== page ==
The lawyer defended the leaders of the historic 1970 student strikes in Los Angeles and disappeared four years later on a trip.
Natalie Chaidez Gets Rights To Chicano Author Oscar ‘Zeta’ Acosta’s Novels
The works of Chicano lawyer, activist and author Oscar “Zeta” Acosta may now become a TV series, and perhaps a movie, nearly 50 years after his unresolved disappearance.
Hybrids of fiction and autobiography, both books tell Acosta’s account of coming of age in the 1960s, his challenges, activism and self-discovery. Their main character is the Chicano lawyer Buffalo “Zeta” Brown. Both works were published a few years before Acosta disappeared during a trip to Mexico in 1974.
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Chaidez is an accomplished Latina filmmaker in Hollywood. Her credits include executive producing “Heroes,” “V,” “Terminator: The Sarah Connor Chronicles,” “12 Monkeys,” “Hunters” and “Queen of the South.”
“Heroes” earned her several award nominations, including the Primetime Emmy, Image Awards and Writers Guild of America Awards. “Queen of the South,” an action/crime/drama that recently ended after five seasons on the USA Network, won an Image Award and about ten other nominations.
Chaidez is currently a showrunner on the USA Network’s “The Flight Attendant,” which won two Rockie awards at Canada’s Banff World Media Festival.
To develop the projects based on Acosta’s books, Chaidez has teamed up with Phillip Rodriguez, a filmmaker who produced a 2017 documentary on the late Chicano author, “The Rise and Fall of the Brown Buffalo”.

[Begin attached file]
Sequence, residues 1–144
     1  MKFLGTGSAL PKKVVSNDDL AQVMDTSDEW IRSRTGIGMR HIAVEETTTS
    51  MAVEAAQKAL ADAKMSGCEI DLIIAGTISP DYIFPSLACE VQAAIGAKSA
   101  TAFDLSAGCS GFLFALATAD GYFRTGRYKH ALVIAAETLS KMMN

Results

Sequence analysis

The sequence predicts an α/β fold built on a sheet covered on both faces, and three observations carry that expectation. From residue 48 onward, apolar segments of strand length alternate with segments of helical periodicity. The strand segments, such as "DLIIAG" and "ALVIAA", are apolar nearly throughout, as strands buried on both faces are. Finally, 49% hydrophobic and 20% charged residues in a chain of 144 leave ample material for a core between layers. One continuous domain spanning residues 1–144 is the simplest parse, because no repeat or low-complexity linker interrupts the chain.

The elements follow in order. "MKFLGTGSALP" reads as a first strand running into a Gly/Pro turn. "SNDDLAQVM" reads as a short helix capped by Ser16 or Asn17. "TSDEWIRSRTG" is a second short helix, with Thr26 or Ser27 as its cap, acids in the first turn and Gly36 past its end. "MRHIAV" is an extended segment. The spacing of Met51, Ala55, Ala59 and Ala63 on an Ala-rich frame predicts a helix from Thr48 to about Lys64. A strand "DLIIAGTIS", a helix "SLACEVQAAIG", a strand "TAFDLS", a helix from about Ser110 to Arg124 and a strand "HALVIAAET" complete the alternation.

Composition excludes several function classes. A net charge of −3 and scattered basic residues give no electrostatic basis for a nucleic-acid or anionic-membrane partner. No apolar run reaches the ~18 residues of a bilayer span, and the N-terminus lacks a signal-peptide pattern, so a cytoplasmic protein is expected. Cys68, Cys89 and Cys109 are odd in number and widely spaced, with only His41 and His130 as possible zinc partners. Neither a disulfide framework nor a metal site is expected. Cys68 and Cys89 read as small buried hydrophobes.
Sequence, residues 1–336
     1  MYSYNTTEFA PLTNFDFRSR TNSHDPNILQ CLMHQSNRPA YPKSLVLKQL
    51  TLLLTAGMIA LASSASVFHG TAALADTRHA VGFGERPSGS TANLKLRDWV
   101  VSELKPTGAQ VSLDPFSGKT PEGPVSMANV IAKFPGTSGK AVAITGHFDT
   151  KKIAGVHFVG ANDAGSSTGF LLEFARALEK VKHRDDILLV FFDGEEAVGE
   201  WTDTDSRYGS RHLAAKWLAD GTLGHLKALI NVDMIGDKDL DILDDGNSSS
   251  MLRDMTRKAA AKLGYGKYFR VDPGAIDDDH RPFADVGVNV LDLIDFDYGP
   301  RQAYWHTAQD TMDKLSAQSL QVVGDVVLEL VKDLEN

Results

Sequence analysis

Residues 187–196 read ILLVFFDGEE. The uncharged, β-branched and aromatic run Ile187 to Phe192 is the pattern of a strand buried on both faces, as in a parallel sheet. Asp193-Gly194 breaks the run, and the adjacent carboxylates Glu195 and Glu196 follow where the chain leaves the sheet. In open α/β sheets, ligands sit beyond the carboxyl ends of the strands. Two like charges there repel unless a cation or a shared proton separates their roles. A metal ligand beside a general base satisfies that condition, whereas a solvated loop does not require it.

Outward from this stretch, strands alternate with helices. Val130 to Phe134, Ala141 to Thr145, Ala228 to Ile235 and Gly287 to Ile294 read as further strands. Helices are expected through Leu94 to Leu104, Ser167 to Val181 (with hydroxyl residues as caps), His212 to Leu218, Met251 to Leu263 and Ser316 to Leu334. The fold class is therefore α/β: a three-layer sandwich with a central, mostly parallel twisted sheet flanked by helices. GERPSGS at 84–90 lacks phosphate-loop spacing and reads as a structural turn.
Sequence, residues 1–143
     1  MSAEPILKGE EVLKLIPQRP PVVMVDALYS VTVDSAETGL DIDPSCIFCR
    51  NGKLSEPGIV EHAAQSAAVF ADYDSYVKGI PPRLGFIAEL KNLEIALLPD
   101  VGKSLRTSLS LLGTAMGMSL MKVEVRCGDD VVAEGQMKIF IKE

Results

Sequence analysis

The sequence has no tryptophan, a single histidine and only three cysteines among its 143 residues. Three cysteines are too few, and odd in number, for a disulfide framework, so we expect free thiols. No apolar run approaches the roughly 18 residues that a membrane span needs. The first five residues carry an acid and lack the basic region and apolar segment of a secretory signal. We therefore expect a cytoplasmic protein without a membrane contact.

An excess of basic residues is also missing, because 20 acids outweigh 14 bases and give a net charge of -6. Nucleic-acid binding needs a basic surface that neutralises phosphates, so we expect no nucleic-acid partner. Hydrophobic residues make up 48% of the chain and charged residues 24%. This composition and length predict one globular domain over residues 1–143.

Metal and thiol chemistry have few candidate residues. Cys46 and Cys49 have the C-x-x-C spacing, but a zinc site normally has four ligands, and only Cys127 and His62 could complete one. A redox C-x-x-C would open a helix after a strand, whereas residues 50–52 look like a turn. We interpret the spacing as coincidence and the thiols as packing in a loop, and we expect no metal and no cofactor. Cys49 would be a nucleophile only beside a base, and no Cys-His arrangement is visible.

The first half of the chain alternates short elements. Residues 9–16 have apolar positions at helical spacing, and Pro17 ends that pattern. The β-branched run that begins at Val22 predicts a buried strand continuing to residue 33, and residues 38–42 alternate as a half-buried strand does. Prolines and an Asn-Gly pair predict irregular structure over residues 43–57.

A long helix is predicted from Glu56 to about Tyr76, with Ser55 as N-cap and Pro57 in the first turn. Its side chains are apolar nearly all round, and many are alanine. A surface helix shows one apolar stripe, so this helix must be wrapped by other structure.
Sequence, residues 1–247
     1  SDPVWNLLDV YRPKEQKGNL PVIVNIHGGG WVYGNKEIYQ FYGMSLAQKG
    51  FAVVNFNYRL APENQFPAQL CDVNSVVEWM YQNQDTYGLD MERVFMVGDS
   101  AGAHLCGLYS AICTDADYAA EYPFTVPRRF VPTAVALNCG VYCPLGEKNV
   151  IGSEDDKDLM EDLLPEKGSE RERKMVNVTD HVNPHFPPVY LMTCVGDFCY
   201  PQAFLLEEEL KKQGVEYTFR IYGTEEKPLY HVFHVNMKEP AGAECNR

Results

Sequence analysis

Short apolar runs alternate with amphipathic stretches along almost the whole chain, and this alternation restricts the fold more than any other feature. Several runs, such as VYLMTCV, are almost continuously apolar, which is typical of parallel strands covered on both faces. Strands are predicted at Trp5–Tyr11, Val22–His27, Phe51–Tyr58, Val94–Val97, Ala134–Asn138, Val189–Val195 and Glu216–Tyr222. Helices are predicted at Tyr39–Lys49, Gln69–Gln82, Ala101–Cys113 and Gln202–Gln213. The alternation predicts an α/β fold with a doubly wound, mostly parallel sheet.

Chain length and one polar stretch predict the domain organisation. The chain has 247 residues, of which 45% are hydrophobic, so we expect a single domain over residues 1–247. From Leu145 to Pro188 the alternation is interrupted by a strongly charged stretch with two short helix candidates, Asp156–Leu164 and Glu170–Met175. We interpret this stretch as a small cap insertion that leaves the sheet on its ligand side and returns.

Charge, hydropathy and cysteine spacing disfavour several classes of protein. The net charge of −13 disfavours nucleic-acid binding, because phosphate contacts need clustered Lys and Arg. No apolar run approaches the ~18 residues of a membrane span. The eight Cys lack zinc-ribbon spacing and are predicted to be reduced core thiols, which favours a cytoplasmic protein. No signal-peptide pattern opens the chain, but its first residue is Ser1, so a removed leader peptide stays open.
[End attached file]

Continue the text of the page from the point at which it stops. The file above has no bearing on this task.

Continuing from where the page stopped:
Rodriguez also produced “Ruben Salazar: Man in the Middle.” It told the story of Ruben Salazar, an L.A. Times and Univision Chicano journalist killed by a county sheriff at the 1970 Chicano Moratorium — a movement of Mexican-American anti-war activists opposing the Vietnam War. He has also produced several other TV documentary series for PBS.
Joining Chaidez and Rodriguez is the up-and-coming screenwriter Joe Loya, a writer on “Queen of the South” with Chaidez. Loya has also written for NBC’s crime action series “Taken.”
Born in El Paso, Texas, Acosta rose to prominence when he moved to East Los Angeles and joined the Chicano movement in the late 1960s. As a lawyer, he represented the leaders of the historic East L.A. walkouts led by students in support of civil rights and better education for Mexican Americans.
Acosta is said to be the basis for the character of Dr. Gonzo in the 1971 novel “Fear and Loathing in Las Vegas” by Hunter S. Thompson. Terry Gilliam made the novel into a movie starring Johnny Depp and Benicio Del Toro — with the Puerto Rican actor playing Dr. Gonzo.
Edited by Gabriela Alejandra Olmos and Kristen Butler